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Tuesday, November 05, 2013

India's Mars Probe Lifts Off

 I'm sure Indians will be, rightly, proud today. As the Register says:

"India's delayed Mars mission is on the countdown for launch, and barring further delays or mishaps, will begin its trip on Tuesday, November 5, from a southern coastal island near Chennai.
The Mangalyaan (Mars Orbiter Mission probe) was announced in August 2012, with a combined objective to prove that India has the technological ability to get to Mars, and to collect data for future missions.
The Mars probe would be, at least, a remarkable achievement of economy: at 450 crore Rupees, or about US$74 million, (£45m) the price is more like that of a new university campus than a Mars mission.

However, unlike current US efforts, India isn't attempting to land on the Red Planet, but to reach orbit. The orbiter will be riding a PLSV C25 launch vehicle, due to lift off at 2.38 pm on November 5 (local time), with a 40 minute flight that will get it to Earth orbit.

The mission will spend between 20 and 25 days in Earth orbit before being pointed at Mars to spend nine months in travel, arriving in late September 2014"

    Price comparable to the original estimate I made for a Scottish asteroid landing X-Prize.

    The depressing thing is that the British obedient media seem to have made this largely a story about usgi8ving foreign aid to India.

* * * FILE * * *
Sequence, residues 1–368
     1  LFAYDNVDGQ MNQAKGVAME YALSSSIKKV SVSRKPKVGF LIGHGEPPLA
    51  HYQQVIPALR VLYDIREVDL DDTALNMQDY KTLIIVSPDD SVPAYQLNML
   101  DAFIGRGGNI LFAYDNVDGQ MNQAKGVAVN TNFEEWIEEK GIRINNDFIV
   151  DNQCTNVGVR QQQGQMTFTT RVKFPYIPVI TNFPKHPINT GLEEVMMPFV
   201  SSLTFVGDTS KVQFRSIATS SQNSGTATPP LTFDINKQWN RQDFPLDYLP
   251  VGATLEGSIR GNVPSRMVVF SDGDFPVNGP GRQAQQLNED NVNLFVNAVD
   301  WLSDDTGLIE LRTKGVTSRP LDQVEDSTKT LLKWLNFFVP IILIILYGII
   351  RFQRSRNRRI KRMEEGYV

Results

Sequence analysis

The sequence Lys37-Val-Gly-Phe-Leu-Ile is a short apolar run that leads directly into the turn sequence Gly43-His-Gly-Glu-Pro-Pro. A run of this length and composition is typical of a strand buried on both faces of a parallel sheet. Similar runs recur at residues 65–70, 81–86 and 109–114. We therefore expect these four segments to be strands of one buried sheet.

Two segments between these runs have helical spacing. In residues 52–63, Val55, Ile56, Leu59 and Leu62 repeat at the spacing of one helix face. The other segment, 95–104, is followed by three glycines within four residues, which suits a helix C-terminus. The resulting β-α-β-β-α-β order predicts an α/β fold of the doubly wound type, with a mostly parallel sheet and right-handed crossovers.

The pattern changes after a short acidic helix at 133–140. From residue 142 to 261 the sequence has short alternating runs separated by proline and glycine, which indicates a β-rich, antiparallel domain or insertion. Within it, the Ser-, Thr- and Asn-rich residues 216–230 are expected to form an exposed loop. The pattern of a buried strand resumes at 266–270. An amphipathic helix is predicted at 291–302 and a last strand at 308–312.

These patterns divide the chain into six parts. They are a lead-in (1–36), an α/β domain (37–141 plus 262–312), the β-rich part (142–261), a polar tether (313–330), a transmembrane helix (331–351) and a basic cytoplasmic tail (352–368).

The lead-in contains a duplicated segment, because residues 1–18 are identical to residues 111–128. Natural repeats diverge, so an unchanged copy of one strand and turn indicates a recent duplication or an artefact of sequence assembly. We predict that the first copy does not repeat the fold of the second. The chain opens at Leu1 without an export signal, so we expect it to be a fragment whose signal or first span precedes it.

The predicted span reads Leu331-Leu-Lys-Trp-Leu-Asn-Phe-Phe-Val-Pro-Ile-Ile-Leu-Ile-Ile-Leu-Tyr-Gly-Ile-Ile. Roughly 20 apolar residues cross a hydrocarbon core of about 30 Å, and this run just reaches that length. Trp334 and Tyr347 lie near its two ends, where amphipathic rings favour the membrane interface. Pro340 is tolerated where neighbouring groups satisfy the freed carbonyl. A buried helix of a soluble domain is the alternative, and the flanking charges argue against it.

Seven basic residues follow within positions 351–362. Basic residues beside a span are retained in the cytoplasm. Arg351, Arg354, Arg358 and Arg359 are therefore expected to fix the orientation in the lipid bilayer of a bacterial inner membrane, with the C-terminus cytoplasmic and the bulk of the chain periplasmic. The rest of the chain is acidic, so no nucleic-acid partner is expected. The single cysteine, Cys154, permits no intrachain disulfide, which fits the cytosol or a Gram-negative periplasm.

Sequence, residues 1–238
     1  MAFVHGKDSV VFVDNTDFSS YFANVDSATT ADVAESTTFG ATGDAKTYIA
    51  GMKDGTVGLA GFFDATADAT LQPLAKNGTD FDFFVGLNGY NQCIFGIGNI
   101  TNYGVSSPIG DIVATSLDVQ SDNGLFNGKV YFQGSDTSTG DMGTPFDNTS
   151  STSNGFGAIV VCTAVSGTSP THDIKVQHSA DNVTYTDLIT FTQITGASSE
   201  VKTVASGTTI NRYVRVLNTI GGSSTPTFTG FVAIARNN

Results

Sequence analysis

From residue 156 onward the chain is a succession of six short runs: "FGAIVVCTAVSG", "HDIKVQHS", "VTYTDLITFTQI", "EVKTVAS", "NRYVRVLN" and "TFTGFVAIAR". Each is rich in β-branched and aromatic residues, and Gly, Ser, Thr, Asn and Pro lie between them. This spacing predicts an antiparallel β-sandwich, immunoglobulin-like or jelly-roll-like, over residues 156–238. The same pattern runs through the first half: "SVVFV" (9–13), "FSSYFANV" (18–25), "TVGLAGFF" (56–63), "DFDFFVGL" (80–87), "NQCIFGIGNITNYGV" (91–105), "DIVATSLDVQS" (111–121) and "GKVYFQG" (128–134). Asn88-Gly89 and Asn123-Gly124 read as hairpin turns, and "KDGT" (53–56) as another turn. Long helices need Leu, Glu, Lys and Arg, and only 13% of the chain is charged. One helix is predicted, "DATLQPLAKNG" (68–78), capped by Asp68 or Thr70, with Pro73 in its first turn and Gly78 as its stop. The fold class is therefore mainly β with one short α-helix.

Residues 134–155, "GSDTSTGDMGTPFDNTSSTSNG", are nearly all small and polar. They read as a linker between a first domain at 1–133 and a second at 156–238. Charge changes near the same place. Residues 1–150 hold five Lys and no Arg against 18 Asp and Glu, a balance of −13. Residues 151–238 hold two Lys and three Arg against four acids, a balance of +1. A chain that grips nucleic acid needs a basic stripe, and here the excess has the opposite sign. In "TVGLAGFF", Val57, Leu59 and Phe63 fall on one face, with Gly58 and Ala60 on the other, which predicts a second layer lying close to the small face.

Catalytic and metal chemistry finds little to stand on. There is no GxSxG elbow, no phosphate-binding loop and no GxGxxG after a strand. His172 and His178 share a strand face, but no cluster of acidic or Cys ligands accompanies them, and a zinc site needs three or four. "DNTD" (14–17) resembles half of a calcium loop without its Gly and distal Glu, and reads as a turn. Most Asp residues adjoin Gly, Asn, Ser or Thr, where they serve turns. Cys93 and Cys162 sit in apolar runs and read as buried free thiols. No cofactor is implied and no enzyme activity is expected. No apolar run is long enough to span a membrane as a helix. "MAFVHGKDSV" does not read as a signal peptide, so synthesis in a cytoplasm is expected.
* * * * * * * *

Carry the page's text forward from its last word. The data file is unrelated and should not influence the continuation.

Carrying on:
This is a spiteful and mean attitude. India is still a country of enormous poverty. Our "aid" comes to about 22p per head and will stop in 2015 anyway. I'm not convinced that "aid" does or is even meant to aid - sometimes it is to secure deals; sometimes it is to ensure our favoured dictators stay friendly. If helping the 3rd world were the real intent we would quit the EU, allowing us to buy their food at a lower price than within the EU but a higher price than they get for it. That would do far more to develop their economies. And if we were giving aid to do good then India, where there is a very good growth rate and less corruption than elsewhere, is where we would give it.

   The subtext to our media's coverage is "how dare these brown people we brought civilisation to and patronised endlessly now engage in a technological venture we haven't" and that is a shameful attitude.

    The shame is that we could be doing it, yet we spend virtually nothing on space (granted we spend £330m on ESA but that is not going on space - it is going on bureaucracy and ensuring that a proportionate number of favoured companies in each country get a bit of the pork barrel).

     We could, if we put that money into space development in the way everybody knows would be most effective, ie an X-Prize Foundation easily outpace India and perhaps even the USA. But our ruling class and obedient media would rather engage in meanspirited racism.

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